And what they are going to achieve something? “Let’s hope that a change, at least of the Cabinet,” says Al Hashemi. Perhaps it is already too late for that to be satisfying to the demonstrators. Osman suggests, for its part, the need for a transition Government to commit itself to the drafting of a new electoral law, fight against corruption seriously and to call for new elections. “A slight pressure on the part of the maryaiya [the religious authority shi’a], the UN and the international community can help”, estimated by ruling Iran. For the moment, the measures announced by the Government and by Parliament, have been branded as “little and late” by the outraged.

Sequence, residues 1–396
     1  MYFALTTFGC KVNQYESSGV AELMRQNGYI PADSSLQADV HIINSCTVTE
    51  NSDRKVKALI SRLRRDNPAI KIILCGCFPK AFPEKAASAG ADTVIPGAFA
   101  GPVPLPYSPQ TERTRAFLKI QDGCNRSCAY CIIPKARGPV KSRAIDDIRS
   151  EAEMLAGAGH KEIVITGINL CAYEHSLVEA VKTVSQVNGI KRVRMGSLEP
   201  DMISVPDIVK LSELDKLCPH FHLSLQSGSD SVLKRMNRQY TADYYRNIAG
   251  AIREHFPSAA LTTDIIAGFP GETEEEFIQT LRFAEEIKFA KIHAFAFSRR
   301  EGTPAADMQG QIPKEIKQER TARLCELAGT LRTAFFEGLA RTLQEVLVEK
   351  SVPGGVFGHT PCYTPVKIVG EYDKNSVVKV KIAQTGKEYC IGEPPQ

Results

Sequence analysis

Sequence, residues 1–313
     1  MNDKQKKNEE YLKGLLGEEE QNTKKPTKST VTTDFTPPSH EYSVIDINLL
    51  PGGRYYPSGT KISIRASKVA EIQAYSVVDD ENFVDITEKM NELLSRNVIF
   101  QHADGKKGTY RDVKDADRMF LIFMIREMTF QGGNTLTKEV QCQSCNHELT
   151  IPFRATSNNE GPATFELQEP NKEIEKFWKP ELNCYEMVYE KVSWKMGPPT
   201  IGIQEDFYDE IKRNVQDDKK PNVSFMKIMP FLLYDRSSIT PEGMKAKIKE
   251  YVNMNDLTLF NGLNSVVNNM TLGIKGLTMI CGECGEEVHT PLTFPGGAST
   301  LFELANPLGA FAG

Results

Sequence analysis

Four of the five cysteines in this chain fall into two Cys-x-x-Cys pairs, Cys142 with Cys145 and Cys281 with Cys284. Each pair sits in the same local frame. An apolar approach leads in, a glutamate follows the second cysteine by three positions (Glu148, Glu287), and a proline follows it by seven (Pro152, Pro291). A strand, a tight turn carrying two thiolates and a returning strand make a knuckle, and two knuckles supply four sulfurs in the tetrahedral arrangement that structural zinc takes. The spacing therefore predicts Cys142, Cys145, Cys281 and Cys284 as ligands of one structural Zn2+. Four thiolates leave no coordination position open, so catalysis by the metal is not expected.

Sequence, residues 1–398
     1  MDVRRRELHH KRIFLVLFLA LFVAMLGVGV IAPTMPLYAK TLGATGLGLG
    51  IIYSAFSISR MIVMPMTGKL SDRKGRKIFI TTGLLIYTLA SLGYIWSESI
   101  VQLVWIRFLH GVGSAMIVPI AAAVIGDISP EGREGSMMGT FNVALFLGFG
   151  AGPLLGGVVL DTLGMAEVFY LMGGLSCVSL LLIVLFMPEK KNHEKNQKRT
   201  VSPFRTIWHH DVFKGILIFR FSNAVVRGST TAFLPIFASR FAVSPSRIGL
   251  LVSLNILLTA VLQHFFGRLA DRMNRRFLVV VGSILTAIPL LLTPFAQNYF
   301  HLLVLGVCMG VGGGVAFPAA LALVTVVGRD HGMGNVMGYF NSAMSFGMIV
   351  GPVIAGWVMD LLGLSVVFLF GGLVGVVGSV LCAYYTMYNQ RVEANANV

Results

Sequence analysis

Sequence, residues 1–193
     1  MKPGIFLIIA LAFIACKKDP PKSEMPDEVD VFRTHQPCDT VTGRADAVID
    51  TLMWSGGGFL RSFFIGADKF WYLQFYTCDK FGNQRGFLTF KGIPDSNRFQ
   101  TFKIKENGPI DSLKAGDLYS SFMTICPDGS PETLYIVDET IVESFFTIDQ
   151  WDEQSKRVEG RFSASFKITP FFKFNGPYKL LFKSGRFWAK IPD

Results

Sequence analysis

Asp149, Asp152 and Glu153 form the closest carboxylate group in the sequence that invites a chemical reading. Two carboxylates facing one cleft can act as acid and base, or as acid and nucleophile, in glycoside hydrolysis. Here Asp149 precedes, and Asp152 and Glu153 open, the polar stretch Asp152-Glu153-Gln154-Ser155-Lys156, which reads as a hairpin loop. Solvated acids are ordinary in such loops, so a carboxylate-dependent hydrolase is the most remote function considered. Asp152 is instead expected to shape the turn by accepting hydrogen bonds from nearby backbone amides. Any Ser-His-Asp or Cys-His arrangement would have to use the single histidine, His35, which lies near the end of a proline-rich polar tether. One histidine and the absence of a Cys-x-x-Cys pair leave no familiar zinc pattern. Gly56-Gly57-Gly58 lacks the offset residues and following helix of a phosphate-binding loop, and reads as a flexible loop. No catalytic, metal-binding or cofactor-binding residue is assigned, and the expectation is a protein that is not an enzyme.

The play of Muqtada
The cleric and politician Muqtada al-Sadr, the son and nephew of two venerable ayatollahs killed by Saddam Hussein, has returned to show his usual guile. But in the end did not send its supporters to Tahrir square last Friday as it had announced, has left the Government that he helped form and supported the protests from fuerto, trying to get out of the diana in which the protesters have made all the political groups. He, unlike other leaders, he has no public office, but his influence is undeniable.
“he has Not tried to take the lead, but that it has been presented as a protector of the protest and tries to keep the pressure on the Government to reform” confirms the analyst Hiwa Osman. “It is aware that there is a strong feeling antiiraní and antipartidos among the protesters, so that has encouraged the participation of their followers in a personal capacity and not as members of his movement”, he adds.
“The demonstrators need their support more than he of the protesters; their number is like barely 3 % of their followers,” notes for its part, Hisham al-Hashemi, who recalls that it is “popularity, money and contacts.”